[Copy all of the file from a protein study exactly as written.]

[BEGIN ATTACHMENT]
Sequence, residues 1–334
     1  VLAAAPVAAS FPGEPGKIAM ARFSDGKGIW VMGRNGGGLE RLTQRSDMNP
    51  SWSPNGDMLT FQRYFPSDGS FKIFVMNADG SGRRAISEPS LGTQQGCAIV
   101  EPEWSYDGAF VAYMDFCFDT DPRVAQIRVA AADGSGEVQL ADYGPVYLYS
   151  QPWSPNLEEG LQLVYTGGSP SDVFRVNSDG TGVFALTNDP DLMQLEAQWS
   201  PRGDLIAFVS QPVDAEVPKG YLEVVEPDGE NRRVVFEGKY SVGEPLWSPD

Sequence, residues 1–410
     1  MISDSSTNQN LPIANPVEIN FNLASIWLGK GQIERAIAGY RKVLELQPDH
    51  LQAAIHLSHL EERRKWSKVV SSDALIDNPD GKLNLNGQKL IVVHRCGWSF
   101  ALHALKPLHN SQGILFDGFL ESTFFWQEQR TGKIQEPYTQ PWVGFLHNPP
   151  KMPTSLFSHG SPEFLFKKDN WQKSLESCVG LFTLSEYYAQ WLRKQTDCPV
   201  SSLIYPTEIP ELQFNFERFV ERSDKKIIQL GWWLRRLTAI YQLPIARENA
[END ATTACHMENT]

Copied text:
Sequence, residues 1–334
     1  VLAAAPVAAS FPGEPGKIAM ARFSDGKGIW VMGRNGGGLE RLTQRSDMNP
    51  SWSPNGDMLT FQRYFPSDGS FKIFVMNADG SGRRAISEPS LGTQQGCAIV
   101  EPEWSYDGAF VAYMDFCFDT DPRVAQIRVA AADGSGEVQL ADYGPVYLYS
   151  QPWSPNLEEG LQLVYTGGSP SDVFRVNSDG TGVFALTNDP DLMQLEAQWS
   201  PRGDLIAFVS QPVDAEVPKG YLEVVEPDGE NRRVVFEGKY SVGEPLWSPD

Sequence, residues 1–410
     1  MISDSSTNQN LPIANPVEIN FNLASIWLGK GQIERAIAGY RKVLELQPDH
    51  LQAAIHLSHL EERRKWSKVV SSDALIDNPD GKLNLNGQKL IVVHRCGWSF
   101  ALHALKPLHN SQGILFDGFL ESTFFWQEQR TGKIQEPYTQ PWVGFLHNPP
   151  KMPTSLFSHG SPEFLFKKDN WQKSLESCVG LFTLSEYYAQ WLRKQTDCPV
   201  SSLIYPTEIP ELQFNFERFV ERSDKKIIQL GWWLRRLTAI YQLPIARENA